The Ouellet-Robert Collection has a wonderful set of dragonfly and damselfly specimens (insect order Odonata) thanks in large part to the efforts of its eponymous founder, Adrien Robert. Indeed, the Odonata collection is so good that we chose a damselfly, the superb jewelwing (Calopteryx amata), as the emblem for the collection.
Before I arrived at the University of Montreal, seed funding for Canadensys from the Canada Foundation for Innovation had paid for the digitization of the specimen data associated with the collection’s Odonata. As a first tentative to better integrate the activities of the various insect collections in Quebec, and possibly to federate a more ambitious collaboration, with funding from the Quebec Centre for Biodiversity Science, colleagues and I visited six other Quebec collections and added their Odonata specimen data to the mix. The result is an impressive dataset including 37,000 occurrence records, from 616 different locations, for 137 species. This dataset, whose description is published in the Biodiversity Data Journal, is free to download and use for species distribution modeling, analyzing changes across time, and any number of other research topics. Given that many Odonata species in Quebec are at the northern limits of their geographic range, their possible range expansions northward may be good indicators for measuring the effects of climate change.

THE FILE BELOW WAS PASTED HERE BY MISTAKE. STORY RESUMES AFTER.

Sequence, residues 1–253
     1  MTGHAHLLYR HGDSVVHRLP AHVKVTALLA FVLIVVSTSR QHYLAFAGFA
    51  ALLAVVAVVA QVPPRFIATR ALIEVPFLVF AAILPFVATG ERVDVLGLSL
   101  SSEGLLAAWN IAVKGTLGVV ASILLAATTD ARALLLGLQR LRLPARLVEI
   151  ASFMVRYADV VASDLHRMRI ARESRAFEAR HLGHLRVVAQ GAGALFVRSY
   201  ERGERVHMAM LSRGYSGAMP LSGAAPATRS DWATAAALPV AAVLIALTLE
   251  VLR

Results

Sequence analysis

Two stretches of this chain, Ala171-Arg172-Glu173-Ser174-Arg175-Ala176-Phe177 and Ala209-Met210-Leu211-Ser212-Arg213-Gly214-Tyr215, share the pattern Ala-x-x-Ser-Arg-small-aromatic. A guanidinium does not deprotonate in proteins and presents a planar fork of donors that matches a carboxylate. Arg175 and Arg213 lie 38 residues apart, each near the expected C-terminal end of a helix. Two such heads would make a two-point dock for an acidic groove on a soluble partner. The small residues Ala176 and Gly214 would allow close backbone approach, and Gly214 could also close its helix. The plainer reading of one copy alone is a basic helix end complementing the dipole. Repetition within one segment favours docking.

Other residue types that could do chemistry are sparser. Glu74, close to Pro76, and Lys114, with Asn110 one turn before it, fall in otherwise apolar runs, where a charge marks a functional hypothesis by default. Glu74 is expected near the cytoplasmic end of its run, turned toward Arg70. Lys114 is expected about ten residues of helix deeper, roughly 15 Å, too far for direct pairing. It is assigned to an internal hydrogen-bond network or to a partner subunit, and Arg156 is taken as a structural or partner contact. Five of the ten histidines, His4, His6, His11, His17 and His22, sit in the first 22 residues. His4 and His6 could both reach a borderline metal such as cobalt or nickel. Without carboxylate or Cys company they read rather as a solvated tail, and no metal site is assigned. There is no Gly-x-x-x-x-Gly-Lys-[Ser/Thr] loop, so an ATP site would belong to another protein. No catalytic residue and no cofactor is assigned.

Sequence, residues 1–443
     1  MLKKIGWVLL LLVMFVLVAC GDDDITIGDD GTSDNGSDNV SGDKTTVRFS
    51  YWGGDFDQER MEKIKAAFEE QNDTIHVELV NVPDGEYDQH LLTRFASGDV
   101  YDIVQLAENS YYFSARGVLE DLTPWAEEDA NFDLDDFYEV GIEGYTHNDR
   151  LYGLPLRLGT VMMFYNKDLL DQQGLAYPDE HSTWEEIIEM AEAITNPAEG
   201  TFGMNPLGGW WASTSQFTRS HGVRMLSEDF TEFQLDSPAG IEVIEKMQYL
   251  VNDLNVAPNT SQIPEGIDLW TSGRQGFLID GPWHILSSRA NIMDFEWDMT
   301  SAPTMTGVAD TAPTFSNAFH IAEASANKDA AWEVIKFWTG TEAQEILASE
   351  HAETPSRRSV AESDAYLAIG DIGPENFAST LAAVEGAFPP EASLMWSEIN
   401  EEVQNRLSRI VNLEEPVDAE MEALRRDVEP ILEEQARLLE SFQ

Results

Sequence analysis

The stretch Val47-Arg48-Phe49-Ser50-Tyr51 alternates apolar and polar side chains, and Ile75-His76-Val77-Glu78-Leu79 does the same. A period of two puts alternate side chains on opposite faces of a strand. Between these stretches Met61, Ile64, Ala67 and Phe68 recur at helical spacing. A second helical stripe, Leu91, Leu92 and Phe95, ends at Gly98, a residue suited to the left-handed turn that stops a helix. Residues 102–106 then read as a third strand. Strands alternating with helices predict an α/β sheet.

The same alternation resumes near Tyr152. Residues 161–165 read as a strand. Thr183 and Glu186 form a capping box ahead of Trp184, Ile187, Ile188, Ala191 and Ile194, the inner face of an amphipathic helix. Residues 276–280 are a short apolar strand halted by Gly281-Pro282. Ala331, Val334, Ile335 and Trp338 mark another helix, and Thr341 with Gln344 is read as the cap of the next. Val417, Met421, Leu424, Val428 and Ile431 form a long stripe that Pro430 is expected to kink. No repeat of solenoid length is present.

This publication represents the second one in less than a year focusing on the activities in the Ouellet-Robert Collection. The first was an overview of three computerization initiatives, including the Odonata specimen digitization, whereas this second one focuses on the Odonata data themselves.
The dominant paradigm is that the host plant distributions determine those of plant-feeding insects. However, climate is known to affect the distribution of other organisms, including plants, so who’s to say it doesn’t affect plant-feeding insects too? A group of colleagues sought to answer that very question. We geographically modeled climate variables and host plant and aphid distributions to measure the amount of overlap and how much one may affect the other. For example, perhaps it’s climate conditions that preclude the aphid from being co-located with its host in particular locations. To our North American dataset we added the Cinara aphid collection localities from French and Chinese colleagues, and we used publicly available climate and conifer tree distribution data.